In 1982, when I was in high school, we had the chance to join a weeklong Regional Boy Scout Jamboree in Sibalom, Antique, Philippines.
The event that I was good at was the orienteering course. Having won the local jamboree, my team and I were confident we would win at the regional level.
When the contest started after lunch, our team of eight was way ahead of around twenty teams participating.
While looking for the last message, we passed a cashew tree teeming with ripe fruits.
For us who live in a city (Roxas City), seeing a cashew tree with ripened fruits is like finding a rare treasure trove.
You can find cashew fruit in the market, but seldom can you find a tree.
Also, the fruits looked so ripe and ready to eat. Cashew sap can burn your lips if the fruit isn’t fully mature.
Growing up as kids in the pre-computers and internet era (in the Philippines), climbing trees was a feat every boy and girl loved to do.
One would get the bragging right if he or she climbed the highest or the rarest tree in the neighbourhood.
This reason and the prospect of enjoying the fruits made us decide to take a break. Anyway, we are way ahead of the other participating groups.
So, I knocked on the owner’s door and asked permission to have some cashew fruit.
Surprisingly, the owner was more than happy to allow us with one condition. We must not eat nor throw away the nut but gather them in the tree’s base.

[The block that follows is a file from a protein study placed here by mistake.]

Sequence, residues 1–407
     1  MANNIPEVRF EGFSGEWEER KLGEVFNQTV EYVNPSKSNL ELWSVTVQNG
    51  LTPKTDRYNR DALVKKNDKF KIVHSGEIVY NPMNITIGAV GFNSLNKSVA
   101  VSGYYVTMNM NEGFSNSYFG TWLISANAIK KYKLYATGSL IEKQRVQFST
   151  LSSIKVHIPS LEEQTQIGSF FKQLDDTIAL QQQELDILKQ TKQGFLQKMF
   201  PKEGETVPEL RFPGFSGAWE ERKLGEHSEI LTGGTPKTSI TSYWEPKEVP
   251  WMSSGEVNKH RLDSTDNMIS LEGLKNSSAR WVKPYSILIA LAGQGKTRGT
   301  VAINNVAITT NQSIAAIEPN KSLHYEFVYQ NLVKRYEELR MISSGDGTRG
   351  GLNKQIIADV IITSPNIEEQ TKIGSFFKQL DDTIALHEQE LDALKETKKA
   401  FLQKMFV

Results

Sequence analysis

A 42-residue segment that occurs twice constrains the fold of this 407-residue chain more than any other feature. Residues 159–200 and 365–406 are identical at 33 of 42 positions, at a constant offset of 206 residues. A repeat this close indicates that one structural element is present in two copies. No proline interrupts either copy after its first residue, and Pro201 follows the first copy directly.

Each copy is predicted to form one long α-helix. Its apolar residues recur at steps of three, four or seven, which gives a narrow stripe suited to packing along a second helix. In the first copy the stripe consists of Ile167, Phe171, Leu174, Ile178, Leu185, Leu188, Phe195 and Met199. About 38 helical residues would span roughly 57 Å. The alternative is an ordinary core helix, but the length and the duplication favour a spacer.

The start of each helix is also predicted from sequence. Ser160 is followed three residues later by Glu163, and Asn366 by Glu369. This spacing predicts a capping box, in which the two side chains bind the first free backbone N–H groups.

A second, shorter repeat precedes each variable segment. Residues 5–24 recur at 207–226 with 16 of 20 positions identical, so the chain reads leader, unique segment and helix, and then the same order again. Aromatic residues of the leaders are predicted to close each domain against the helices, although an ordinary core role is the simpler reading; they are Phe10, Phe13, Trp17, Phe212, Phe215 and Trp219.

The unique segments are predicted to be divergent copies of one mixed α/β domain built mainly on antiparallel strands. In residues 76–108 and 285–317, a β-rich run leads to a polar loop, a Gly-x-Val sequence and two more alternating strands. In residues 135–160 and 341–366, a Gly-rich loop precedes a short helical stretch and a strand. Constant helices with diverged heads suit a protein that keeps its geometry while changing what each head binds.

When we went to the first cashew tree, we discovered a few more with ripened fruits.
The owner encouraged us to bring as much fruit as we wanted and share them with other boy scouts. At this point, we had forgotten we were in the orienteering contest.
When we were done eating and picking, the owner, who has now become our hospitable host (Antinqueños are known for their hospitality, we were oriented), offered us soft drinks (Coke) and soda crackers (Skyflakes).
Then, we remembered we needed to finish the race. We tried looking for the last message using the coordinates that were given.
The compass points us farther from the campsite’s coverage area. It pointed to a village outside of the site and a forbidden zone. Having spent a while off the track, we lost the correct bearing. We were lost!
To re-orient us in the right direction, we must return to the location of the last message we found and get our bearings right.
As we went, we met a co-camper who was looking for us. He said that the contest was over. All the teams had arrived except us. We need to go back and return the military compass to the scoutmaster.
There are three meaningful life lessons I always remember from my Boy Scout Orienteering experience.
- First, in navigating life’s journey, I need to stay focused on the faith-wisdom map that the Lord God has laid out for me.
- Second, I should keep reading, checking, and following the “coordinates” that my Biblical moral compass indicates.
- Third, I must resist and not give in to the temptation of low-hanging attractive “fruits” that the world presents. Instead, I must focus on the goal to win the prize. I mustn’t be complacent and allow distractions to waylay my journey.
12 Not that I have already obtained all this, or have already arrived at my goal, but I press on to take hold of that for which Christ Jesus took hold of me. 13 Brothers and sisters, I do not consider myself yet to have taken hold of it. But one thing I do: Forgetting what is behind and straining toward what is ahead, 14 I press on toward the goal to win the prize for which God has called me heavenward in Christ Jesus.Philippians 3:12-14
Yes, let us press on toward the goal to win the prize for which God has called us heavenward in Christ Jesus.
A nice life story and a wonderful scripture to guide our path in serving Christ.
Beautiful life’s lessons! Praying that this ministry will reach more souls.
Alex van Meygaarden
Good point. Thanks for the encouragement. Easy to get distracted.